The Messier objects are a set of astronomical objects catalogued by Charles Messier in his catalogue of Nebulae and Star Clusters first published in 1774. The original motivation behind the catalogue was that Messier was a comet hunter, and was frustrated by objects which resembled but were not comets. He therefore compiled a list of these objects.
The first edition covered 45 objects numbered M1 to M45. The total list consists of 110 objects, ranging from M1 to M110. The final catalogue was published in 1781 and printed in the Connaissance des Temps in 1784. Many of these objects are still known by their Messier number.
Because Messier lived and did his astronomical work in France in the Northern Hemisphere, the list he compiled contains only objects from the north celestial pole to a celestial latitude of about –35°. Many impressive Southern objects, such as the Large and Small Magellanic Clouds are excluded from the list. Because all of the Messier objects are visible with binoculars or small telescopes (under favorable conditions), they are popular viewing objects for amateur astronomers. In early spring, astronomers sometimes gather for "Messier marathons", when all of the objects can be viewed over a single night.
Well, that's just what I attempted Saturday night from Canyon of the Eagles. Trouble was that the weather--which started out great--turned to mush and the completely overcast by about 1:00 a.m. As a result I only made it through the first 45. Still, I saw a lot of things I hadn't seen before and want to go back and photograph.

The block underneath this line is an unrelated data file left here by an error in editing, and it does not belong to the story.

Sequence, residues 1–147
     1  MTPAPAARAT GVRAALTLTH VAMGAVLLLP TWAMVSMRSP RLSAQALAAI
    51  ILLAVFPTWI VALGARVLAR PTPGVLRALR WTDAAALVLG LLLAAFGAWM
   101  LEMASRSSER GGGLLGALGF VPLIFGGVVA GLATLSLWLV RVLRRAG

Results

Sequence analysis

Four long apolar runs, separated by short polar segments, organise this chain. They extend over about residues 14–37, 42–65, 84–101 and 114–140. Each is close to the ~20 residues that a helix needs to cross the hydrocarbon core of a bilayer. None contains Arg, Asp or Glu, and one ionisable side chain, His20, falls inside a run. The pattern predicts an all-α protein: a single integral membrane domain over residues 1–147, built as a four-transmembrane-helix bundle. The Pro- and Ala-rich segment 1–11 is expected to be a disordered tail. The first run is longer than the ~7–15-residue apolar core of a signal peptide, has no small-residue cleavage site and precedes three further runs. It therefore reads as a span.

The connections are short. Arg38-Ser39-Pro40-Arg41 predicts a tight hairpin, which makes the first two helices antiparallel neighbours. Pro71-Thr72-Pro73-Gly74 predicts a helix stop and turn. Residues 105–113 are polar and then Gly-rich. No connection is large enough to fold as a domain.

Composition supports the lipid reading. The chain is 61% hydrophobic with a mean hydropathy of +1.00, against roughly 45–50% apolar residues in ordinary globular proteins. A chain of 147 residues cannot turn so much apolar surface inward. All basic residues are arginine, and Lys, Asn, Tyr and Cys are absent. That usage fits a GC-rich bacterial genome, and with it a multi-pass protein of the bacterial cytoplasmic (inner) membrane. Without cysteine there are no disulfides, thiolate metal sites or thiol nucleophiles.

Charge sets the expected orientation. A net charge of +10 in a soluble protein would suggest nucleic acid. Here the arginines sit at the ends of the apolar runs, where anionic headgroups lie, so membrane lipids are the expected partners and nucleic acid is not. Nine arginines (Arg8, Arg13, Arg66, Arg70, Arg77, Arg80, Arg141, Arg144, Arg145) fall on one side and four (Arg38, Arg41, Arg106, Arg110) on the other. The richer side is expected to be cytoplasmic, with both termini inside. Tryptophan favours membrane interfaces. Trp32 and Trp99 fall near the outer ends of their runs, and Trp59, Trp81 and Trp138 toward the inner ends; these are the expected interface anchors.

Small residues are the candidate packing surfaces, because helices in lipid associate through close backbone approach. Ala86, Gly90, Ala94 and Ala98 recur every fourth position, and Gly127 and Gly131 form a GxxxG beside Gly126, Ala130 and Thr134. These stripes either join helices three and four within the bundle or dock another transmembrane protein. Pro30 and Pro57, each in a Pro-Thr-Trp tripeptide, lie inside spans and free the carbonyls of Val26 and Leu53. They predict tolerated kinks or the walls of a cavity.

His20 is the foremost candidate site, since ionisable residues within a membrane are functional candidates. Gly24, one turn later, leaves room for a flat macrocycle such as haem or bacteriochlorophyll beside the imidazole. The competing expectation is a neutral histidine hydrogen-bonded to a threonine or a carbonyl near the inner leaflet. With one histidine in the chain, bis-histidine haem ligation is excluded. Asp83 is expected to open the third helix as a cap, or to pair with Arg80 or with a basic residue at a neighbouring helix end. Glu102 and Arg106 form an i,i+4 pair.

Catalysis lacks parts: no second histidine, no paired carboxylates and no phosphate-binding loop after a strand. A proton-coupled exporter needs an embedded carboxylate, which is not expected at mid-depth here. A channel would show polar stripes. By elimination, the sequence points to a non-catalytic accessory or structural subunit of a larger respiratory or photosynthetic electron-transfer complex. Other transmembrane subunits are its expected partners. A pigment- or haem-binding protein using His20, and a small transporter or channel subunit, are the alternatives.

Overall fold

Trudy & Ian came along for the first time. The boy had a pretty good time running around. He & Trudy wound up watching movies on the iBook in the tent after it got dark, but he did come look through the scope a couple of times.
|Object Name||Start Time||Notes|
|M74||8:39:11 PM||very faint|
|M33||8:53:56 PM||large faint patch|
|M31||8:59:57 PM||not bad for low in sky|
|M110||9:00:09 PM||averted vision|
|M52||9:02:22 PM||nice, easy|
|M45||9:23:53 PM||hello ladies! Better in ED80. Some nebulosity visible|
|M79||9:28:02 PM||medium dim|
|M42||9:28:50 PM||great in ED80; a,b,c,d,e & f easy with 13mm Nagler in 10"|
|M1||9:44:11 PM||3D-like, maybe texture with ultrablock?|
|M35||9:49:56 PM||too big for 10"|
|M46||10:38:39 PM||cool w/neb in cluster|
|M81||11:24:33 PM||love 81 & 82|
|M82||11:25:23 PM||love 81 & 82|
|M109||11:47:35 PM||texture w/ averted vision|
|M40||11:50:37 PM||why is this even on the list?|
|M106||11:55:14 PM||definite shape|
|M94||12:07:50 AM||hints of spiral?|
|M51||12:19:07 AM||not bad. definite spiral, no bridge|
|M3||12:36:36 AM||nice. tight center, loose edges|
|M85||12:37:43 AM||hazy w/ bright center, like picture|
|M99||12:45:53 AM||something w/averted vision|
|M100||12:48:53 AM||faint, no detail (pity)|
|M86||1:01:39 AM||84 & 86 together ok|
|M84||1:01:39 AM||84 & 86 together ok|